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June 44 - 116th Reg., E Co.
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29TH DIVISION - WWII DOCUMENTS
116th Reg., 2nd Bn., E Co. - Group Critique Notes - June 1944

E company arrived on schedule on the beach but was unloaded about 1100-1400 yards to the left of their objective. The assault wave was contained in six landing crafts, the headquarters section was divided between the assault sections. A machine gun platoon was to land in support of this company at H+30 but contact was never established between the two units on D-Day. This company was the first infantry to land on this section of the beach but found that there were already four DD tanks there when they arrived. Several of these tanks were knocked out immediately, but one tank moved up and down the beach firing for some little time.

About a hundred yards from shore the boats received small arms and artillery fire. There were no casualties until the boats reached the beaches.

The 1st section lit a sand bank about a hundred yards from the beach. The men jumped into neck deep water, wading and swimming to shore. There was no fire on the men in the water but as they hit the beach mortar and small fire came their way. It was from two to three hundred yards to the protective high water mark on the beach. Only one man was hit on the beach and then he was within fifty yards of the bank. A medic crawled out and pulled him in.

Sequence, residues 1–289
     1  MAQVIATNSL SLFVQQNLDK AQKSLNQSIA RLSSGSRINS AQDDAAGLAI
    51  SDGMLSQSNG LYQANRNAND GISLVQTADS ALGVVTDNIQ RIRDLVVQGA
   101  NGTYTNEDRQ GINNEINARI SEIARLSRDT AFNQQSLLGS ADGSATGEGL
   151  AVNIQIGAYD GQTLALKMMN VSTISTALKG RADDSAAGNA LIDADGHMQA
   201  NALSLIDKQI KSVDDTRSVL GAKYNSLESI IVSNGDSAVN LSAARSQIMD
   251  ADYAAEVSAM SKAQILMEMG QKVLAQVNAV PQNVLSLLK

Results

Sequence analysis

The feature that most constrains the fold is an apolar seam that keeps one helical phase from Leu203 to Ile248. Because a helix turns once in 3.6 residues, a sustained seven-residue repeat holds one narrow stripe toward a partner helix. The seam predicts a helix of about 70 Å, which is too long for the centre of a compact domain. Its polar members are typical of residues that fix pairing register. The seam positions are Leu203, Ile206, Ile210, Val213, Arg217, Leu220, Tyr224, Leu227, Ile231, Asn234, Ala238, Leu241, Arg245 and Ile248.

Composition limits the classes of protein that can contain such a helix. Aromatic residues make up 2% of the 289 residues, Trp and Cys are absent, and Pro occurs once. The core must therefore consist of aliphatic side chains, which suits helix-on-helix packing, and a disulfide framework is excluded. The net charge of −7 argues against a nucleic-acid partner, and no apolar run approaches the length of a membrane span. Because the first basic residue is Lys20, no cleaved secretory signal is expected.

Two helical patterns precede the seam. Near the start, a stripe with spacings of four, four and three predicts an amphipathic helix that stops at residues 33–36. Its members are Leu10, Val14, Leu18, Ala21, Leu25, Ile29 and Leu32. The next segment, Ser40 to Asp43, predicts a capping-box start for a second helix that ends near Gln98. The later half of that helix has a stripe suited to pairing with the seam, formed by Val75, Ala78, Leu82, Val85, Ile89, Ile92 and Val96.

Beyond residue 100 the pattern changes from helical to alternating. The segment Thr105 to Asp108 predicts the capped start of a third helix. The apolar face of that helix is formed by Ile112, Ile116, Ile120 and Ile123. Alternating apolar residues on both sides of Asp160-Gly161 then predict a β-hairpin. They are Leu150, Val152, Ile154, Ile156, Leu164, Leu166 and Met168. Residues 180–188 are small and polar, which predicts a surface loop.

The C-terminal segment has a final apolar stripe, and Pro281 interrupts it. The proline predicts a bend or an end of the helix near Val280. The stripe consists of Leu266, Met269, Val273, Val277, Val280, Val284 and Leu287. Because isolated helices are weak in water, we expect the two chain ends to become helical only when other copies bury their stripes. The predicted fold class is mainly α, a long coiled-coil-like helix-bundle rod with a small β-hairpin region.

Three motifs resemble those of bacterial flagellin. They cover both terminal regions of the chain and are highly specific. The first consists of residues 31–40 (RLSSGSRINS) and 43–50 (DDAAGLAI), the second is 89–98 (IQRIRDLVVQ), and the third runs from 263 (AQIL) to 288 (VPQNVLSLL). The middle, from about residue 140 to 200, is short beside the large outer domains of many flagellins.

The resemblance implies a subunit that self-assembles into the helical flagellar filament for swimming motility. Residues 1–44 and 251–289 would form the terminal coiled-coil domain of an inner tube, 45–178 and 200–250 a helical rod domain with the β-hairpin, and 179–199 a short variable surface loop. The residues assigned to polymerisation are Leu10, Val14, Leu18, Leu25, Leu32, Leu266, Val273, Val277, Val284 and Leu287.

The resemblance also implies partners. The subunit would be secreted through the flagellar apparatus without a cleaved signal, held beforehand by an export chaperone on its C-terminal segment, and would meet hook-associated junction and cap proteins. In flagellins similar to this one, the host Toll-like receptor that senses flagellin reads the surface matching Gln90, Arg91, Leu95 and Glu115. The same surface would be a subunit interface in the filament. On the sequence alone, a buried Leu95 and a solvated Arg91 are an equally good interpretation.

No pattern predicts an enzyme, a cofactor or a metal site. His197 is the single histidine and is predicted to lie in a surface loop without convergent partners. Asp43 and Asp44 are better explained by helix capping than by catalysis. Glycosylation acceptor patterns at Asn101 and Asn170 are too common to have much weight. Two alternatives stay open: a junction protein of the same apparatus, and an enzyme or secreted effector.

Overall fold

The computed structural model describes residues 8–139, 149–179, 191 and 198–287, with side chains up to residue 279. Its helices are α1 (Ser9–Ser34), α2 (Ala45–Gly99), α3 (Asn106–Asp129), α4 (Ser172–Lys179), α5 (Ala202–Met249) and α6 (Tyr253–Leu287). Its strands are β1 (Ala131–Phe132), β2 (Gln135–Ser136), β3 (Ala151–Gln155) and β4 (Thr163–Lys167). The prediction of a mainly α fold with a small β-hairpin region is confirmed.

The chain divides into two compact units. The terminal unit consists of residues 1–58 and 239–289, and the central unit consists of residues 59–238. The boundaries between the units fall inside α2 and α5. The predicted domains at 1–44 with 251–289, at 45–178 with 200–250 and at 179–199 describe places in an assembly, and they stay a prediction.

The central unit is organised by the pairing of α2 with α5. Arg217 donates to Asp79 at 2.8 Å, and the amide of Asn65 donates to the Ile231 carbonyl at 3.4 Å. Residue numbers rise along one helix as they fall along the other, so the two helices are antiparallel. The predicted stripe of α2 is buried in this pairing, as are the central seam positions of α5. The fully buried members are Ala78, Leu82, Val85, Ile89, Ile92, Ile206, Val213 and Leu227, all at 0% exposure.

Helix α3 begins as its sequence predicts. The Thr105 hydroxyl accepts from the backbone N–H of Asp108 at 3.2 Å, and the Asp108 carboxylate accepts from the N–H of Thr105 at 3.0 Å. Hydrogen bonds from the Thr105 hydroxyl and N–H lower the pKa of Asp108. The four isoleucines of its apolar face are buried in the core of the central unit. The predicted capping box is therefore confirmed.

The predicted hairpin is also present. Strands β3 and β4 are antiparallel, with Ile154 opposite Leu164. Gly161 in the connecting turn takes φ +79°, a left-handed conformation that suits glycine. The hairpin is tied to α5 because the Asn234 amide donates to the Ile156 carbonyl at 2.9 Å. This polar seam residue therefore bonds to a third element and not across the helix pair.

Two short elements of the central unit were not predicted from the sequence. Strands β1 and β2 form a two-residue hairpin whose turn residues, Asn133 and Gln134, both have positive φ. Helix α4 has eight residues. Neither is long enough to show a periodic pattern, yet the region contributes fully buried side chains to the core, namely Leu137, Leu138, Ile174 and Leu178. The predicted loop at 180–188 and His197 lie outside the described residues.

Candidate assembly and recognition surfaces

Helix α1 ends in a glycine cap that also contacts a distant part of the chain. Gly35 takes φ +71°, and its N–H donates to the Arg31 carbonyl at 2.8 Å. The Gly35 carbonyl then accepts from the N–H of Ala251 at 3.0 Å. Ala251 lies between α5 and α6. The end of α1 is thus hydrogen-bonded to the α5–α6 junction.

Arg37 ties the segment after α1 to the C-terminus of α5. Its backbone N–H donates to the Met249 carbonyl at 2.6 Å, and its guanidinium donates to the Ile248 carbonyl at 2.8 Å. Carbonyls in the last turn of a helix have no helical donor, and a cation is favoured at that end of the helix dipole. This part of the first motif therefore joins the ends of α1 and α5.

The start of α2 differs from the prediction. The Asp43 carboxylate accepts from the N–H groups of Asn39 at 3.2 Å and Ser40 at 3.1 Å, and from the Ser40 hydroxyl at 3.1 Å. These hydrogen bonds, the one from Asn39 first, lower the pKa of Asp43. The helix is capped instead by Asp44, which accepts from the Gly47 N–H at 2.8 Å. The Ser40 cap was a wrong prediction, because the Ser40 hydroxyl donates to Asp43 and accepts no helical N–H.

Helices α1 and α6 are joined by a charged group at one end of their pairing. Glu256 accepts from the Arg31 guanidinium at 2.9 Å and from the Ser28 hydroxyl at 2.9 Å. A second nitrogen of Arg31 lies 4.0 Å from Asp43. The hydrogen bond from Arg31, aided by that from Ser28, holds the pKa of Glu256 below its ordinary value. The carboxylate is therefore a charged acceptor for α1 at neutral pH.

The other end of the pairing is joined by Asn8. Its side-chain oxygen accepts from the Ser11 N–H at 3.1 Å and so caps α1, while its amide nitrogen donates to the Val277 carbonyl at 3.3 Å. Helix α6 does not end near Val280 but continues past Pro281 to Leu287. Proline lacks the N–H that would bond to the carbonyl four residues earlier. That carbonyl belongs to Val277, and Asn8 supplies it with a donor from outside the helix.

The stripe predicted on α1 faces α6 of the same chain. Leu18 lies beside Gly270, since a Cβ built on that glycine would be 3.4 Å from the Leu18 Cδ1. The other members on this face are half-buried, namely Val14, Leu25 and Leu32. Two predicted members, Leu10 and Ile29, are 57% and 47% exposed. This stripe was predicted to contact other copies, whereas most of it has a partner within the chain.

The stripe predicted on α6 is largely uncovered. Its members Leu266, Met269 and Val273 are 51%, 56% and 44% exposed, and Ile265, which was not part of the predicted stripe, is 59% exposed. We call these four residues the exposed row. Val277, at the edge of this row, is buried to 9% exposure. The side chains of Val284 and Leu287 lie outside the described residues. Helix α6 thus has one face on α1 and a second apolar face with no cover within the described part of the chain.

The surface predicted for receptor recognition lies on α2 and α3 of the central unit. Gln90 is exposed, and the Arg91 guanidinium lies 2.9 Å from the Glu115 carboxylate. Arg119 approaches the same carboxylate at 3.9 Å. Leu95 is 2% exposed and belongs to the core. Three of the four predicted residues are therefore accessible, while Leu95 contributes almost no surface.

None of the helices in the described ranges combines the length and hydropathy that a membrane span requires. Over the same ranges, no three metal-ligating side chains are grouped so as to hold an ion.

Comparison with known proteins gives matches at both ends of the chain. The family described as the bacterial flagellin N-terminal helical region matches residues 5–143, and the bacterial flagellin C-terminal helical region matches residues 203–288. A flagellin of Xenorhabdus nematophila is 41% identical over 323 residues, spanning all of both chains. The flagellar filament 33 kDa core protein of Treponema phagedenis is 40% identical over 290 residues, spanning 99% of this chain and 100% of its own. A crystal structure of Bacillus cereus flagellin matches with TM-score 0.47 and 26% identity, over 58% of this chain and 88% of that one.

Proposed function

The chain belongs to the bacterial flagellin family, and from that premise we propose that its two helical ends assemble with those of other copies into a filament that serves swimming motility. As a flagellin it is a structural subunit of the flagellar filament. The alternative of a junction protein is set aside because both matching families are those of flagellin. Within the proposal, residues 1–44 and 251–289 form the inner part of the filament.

The second section landed fifty to sixty yards left of the first section. The coxswain was an experienced man and announced in advance that it was going to be a dry landing – which it was. The men deployed on the beach and headed for the high water mark. After the unit was deployed an artillery shell hit among them, several wounding the BAR man, Pvt. Alex Bereski, and stunning several others. The stunned men quickly recovered and moved on. Bereski was left on the beach, but some of the men believe that a medic moved him forward.

The 3rd section came in close to the shore. Just as the bow touched the bottom an artillery shell struck the right side of the boat near the front. The shell penetrated the hull end exploded inside of the craft. Three men were killed and three men severely wounded. Two of severely wounded men later reached the beach. The explosion blew the ramp open on the boat but the men were frozen by the effect of the explosion. Suddenly the men came to life and jumped from the front and also over the sides. A machine gun sprayed the ramp wounding several men. Pvt. Herbert Kaulman was hit in the leg while yet on the ramp and was carried under the boat by a wave. The equipment of several of the men caused them to flounder and the wounded had a very difficult time getting to the shore. When they reached the beach they were not safe for the fire continued and the tide rose very rapidly.  About 24 or 25 men made the sea wall, at least five or six of these were wounded.

(The 4th section was not represented. Little if any data can be given about them.)

The 5th section beached 25 yards from the shore. There were no casualties in the water but machine gun, sniper and artillery fire fell on the beach. The first men ran all the way to the wall, the center group of the section caught the bulk of the fire and had many casualties. The last men dropped on the beach and worked themselves forward in several bounds. At least five men were killed on the beach including the company commander. A number of men were wounded. About fifteen men reached the protective wall, two or three of these died soon after.